As I have recently been reading Jyotisha literature more intensively. I would like to share some of the material I find of interest, particularly as not every book is easily obtainable. I was fortunate in coming across a copy of ‘Astrology and Jyotirvidya’ by Viswanath Deva Sarma (published in 1973 and never reprinted it seems). He provides a wonderful overview, complete with tables, on the division of Vimśottari into its Daśas or periods and also provides a unique insight into how the periods came to have the divisions that they have.
In a later article I want to look more closely at how this fascinating system is applied.
First, Vimśottari literally means ‘120’. So Vimśottari Daśa simply means the divisions of 120. Quite straight forward. These are the divisions and also their order:
|Rahu (North Node)||18 years|
|Ketu (South Node)||7 years|
If you add everything up you arrive at 120. But just why Venus should have 20 years and the Sun only 6 is much more mysterious. But be assured. There is a logic behind it. First where does the number 120 come from? Hindu astrology uses 27 lunar mansions known as Nakśatra. Each Nakśatra is 13 1/3 degrees long. (13 1/3 × 27 = 360). There are nine ‘planets’ (including Rahu and Ketu). 13 1/3 × 9 = 120.
You might already have noticed that the lunar month, roughly 27 days, is brought in relation to the solar year, 360 days. This is the first clue as to how the divisions are arrived at. We have an interaction between two major divisions of time, that of the Sun (360) and that of the Moon (13 1/3) with the planets (9).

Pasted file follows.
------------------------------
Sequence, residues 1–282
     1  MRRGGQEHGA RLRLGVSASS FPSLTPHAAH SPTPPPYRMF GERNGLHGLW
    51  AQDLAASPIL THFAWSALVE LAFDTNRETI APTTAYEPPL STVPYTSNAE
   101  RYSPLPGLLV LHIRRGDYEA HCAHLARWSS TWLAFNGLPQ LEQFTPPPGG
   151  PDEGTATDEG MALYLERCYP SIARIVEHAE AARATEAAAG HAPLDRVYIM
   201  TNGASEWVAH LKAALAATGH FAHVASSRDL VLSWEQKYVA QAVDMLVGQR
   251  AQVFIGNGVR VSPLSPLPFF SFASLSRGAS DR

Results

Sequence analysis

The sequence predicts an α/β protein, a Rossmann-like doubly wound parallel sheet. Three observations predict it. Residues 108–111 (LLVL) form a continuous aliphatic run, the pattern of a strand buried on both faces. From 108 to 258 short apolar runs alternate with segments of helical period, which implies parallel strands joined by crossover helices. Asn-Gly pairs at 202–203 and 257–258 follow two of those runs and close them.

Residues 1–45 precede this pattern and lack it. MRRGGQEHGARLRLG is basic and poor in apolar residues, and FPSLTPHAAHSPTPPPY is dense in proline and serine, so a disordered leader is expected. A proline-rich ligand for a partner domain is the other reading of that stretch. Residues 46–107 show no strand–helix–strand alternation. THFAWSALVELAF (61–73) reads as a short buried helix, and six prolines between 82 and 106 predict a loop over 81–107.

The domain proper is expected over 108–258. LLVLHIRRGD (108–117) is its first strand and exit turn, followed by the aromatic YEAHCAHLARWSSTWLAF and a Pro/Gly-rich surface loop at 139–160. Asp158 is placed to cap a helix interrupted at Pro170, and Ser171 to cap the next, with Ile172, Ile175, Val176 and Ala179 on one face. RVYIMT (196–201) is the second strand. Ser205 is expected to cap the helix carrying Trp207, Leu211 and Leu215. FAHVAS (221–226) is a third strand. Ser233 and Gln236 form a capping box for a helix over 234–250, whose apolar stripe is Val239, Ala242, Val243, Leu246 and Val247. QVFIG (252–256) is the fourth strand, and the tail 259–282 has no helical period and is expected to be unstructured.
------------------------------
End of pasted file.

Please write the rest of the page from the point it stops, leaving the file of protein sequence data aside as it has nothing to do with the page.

The solar year is composed of 12 months which each have 30 days. Now if we convert to the lunar month each day is equal to 1 nakśatra which can be divided into 60 danda. (the danda is equal to 60 pala which are equal to 6 prāna which are equal to 10 guru-aksara which are equal to 27 nimeṣa which is equal to one blink of the eye which is roughly a second.) 😉
The crucial step is to bring into relation the time it takes the Sun to make a complete circle of the ecliptic and the time it takes for the Moon to make a complete circle. You could say that a lunar ‘year’ is equal to a solar month. V.K. Sarma describes it thus:
|solar period||lunar period|
|1 year||360 ‘years’|
|1 month||30 ‘years’|
|1 day||1 ‘year’|
|1 danda||6 days|
and the reverse:
|lunar period||solar period|
|1 year||1 day|
|1 month||5 danda|
|1 day||10 pala|
The last two numbers are the ones we want. 6 defines the length of the Sun’s Daśa and 10 that of the Moon. Now all that is left is to determine the periods for the rest of the planets. V.K. Sarma describes it thus: the inclination of the Moon to the axis of the earth is 24 degrees (cosmologically) or 23 1/2 degrees (astronomically). If we subtract the solar and lunar periods from 24 the difference is 14 and 18. 14 and 18 divided in half gives us 7 and 9. So the basic numbers we can work with are 7 and 10 for the Moon; 6 and 9 for the Sun.
I’m going to put the results in tabular form as I think it is easier to understand what happens:
As you can see there are some interesting interactions going on. The two outermost planets make use of the Moon’s major number (10) and the major and minor number for the Sun while the inner planets only use the Moon’s major and minor numbers. Rahu doubles the Sun’s minor number and Ketu uses the Moon’s minor number as does Mars.
|Saturn||10 + [(24 – 6) ÷ 2] = 10 + 9 = 19 years||10
|Jupiter||10 + 6 = 16 years||10
|Mars||(24 – 10) ÷ 2 = 14 ÷ 2 = 7 years||7||Moon|
|Ketu||14 ÷ 2 = 7 years||7||Moon|
|Mercury||10 + [(24 – 10) ÷ 2] = 10 + 7 = 17 years||10
|Venus||10 + 10 = 20 years||10